Indian-origin woman picked to chair Santander UK

London: Shriti Vadera, an Indian-origin minister in former British Prime Minister Gordon Brown's government, has been named by the Spanish banking group Santander to chair its British business.

Vadera was a minister in the British government during the days of the global financial crisis.

She will replace Terence Burns in March, who had announced his plan to leave the board of the company in January.

Eight killed, 100 missing in Indonesia landslides

Jakarta : At least eight people have been killed and 100 went missing in the landslides caused by heavy rainfall in Indonesia's Java island, officials said Saturday.

The downpours were to be blamed for the disaster which occurred Friday evening in Banjanegara district.

"As many as eight corpses have been found and 100 others remain missing. They were buried under the houses," an official told Xinhua.


Canada court overturns Indian origin man's sexual assault conviction

Vancouver: A court in the Canadian province of British Columbia Friday set aside the conviction of an Indo-Canadian man in a sexual assault case.

The sexual assault conviction had led to the imprisonment and deportation of Gurdev Singh Dhillon, which the Crown later admitted was a "miscarriage of justice".

However, the British Columbia Court of Appeal considered the DNA evidence that was not disclosed to the defence counsel before the trial and overturned the 2005 conviction of Dhillon for assault and sexual assault, the South Asian Observer reported.

Russian minister proposes abolishing visas for Indian citizens

New Delhi: Russian authorities are discussing abolition of visas for Indian businessmen and tourists, Russian Industry and Trade Minister Denis Manturov told TASS news agency Friday.

Abolition of visas mainly for entrepreneurs and also for tourists was discussed, he said after a meeting here with the leadership of the Federation of Indian Chambers of Commerce and Industry.

“The next step is abolition of visas for tourists and entrepreneurs. We constantly discuss it, and I think the process to settle it will not be long,” Manturov said.

Israel blames Palestinians for shots near Athens embassy

Jerusalem: Israel has blamed "Palestinian incitement" for a shooting near its embassy in Athens, Greece, early Friday, despite Greek police not yet disclosing more details regarding the incident.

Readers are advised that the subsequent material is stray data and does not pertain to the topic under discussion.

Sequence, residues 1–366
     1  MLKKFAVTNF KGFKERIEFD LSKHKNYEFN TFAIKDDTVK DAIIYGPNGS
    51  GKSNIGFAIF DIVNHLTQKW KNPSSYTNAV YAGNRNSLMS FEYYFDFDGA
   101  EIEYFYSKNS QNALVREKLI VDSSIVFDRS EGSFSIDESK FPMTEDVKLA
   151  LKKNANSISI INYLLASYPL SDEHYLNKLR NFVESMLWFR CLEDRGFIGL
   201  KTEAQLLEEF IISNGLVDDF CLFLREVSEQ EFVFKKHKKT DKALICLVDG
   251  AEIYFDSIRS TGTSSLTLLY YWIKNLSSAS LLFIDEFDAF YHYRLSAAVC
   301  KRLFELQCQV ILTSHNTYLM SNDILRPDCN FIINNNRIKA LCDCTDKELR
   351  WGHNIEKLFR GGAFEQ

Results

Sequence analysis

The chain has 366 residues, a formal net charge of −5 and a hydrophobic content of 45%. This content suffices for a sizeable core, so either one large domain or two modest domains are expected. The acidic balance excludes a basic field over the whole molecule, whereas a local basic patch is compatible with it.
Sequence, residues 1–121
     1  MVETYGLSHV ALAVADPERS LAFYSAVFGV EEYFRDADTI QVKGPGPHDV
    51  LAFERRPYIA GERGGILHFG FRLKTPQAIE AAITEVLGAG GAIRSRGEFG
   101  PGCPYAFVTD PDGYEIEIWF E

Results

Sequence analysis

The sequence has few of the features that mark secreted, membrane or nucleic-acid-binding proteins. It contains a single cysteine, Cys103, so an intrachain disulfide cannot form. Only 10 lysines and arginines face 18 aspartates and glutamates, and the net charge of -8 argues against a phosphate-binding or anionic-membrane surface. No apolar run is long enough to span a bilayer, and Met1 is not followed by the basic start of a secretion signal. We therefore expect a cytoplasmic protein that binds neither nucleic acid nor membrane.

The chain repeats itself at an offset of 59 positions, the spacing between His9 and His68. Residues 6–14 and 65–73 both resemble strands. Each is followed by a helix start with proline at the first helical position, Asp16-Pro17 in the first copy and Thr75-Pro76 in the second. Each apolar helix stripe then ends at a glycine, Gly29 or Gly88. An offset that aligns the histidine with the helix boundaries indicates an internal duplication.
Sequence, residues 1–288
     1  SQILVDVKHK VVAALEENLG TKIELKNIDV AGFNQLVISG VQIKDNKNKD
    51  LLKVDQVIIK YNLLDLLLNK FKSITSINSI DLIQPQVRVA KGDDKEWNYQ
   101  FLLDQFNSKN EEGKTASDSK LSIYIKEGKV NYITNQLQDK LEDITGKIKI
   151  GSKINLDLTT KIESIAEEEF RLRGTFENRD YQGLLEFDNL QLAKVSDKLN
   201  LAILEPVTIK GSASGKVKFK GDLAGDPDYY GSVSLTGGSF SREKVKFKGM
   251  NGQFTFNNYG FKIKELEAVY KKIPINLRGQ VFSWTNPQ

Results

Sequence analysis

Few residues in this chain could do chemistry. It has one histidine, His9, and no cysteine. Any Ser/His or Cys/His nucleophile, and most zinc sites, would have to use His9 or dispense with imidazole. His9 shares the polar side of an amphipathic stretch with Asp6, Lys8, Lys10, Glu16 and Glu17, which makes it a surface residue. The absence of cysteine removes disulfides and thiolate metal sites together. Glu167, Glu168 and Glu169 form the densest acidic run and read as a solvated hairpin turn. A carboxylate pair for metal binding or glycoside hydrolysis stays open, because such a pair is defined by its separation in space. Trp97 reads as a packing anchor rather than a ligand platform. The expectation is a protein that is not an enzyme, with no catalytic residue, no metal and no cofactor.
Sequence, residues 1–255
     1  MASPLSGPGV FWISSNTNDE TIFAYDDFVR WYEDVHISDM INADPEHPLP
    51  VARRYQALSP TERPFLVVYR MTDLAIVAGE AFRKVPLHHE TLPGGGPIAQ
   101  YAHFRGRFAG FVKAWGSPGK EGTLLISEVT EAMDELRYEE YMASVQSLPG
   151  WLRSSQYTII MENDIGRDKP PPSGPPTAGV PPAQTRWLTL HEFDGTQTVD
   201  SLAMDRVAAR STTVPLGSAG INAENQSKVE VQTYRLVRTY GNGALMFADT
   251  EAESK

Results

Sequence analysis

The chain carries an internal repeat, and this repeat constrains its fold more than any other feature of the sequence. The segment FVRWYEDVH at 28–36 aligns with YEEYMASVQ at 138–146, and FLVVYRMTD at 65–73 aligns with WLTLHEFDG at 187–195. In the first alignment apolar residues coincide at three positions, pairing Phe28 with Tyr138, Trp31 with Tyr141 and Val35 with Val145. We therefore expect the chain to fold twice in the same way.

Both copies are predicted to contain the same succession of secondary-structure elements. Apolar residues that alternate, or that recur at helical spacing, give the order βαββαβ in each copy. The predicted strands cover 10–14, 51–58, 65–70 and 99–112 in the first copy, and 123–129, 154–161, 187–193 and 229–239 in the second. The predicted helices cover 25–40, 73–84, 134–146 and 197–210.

"The attack on the Israeli embassy in Athens is yet another violent attack which is the result of anti-Israeli incitement by Palestinian Authority officials and pro-Palestinian organisations," Xinhua quoted spokesman for the Israeli Foreign Ministry Emmanuel Nachshon as saying in an official statement.

Gunshots fired at Israeli embassy in Athens

Athens: Unidentified gunmen fired shots at the Israeli embassy in Athens Friday without causing any casualties, police said.

The attack took place after midnight when four men on two motorcycles fired Kalashnikov automatic rifles at the facade and the walls of the diplomatic building, according to an initial police report.

The police found 54 shell casings and cordoned off the area to search for more clues. They were also studying video recordings taken by the surveillance cameras to try to identify the attackers.


Modi's proposal of Yoga Day adopted at UN, backed by 175 countries

By Arul Louis,

United Nations: In a huge global endorsement for yoga, 175 out of 193 members of the UN, countries as diverse as the US and Syria, Russia and Britain, and China and the Philippines, agreed by acclamation Wednesday to declare June 21 the International Yoga Day, recognizing the ancient Indian science's "holistic approach to health and well-being".

Indian Prime Minister Narendra Modi, who had proposed holding an international yoga day in his UN General Assembly speech Sep 27, voiced his elation on twitter. "Elated! Have no words to describe my joy."

Anti-Arab activists admit to Jerusalem school attack

Jerusalem: Israeli security agency Shin Bet has said that the three Jewish suspects arrested for setting fire to a Hebrew-Arabic bilingual school in Jerusalem are members of an extremist anti-assimilation group known as Lehava.

According to Shin Bet, the three suspects confessed their actions during questioning Thursday, Haaretz reported.

CIA chief admits use of brutal interrogation techniques

Washington: Some officers of the Central Intelligence Agency (CIA) used brutal techniques on terrorist suspects and there was no proof of useful information yielded from the interrogation, the chief of the US spy agency has said.

John Brennan, in a rare televised press conference held at the CIA headquarters in Langley, Virginia, Thursday acknowledged "unauthorised" and "abhorrent" practices by some officers, saying it was "unknowable" whether the so-called enhanced interrogation techniques produced key intelligence, Xinhua reported.

UN condemns attack on French institute in Kabul

United Nations: The UN Security Council has condemned "in the strongest terms" the suicide attack at the French Institute of Afghanistan in Kabul which killed one person and injured 20 Thursday.

"The members of the Security Council reiterated their serious concern at the threats posed by the Taliban, Al Qaeda and other terror groups to the local population, national security forces, international military and international assistance efforts in Afghanistan," Xinhua quoted the UN as saying in a press statement Friday.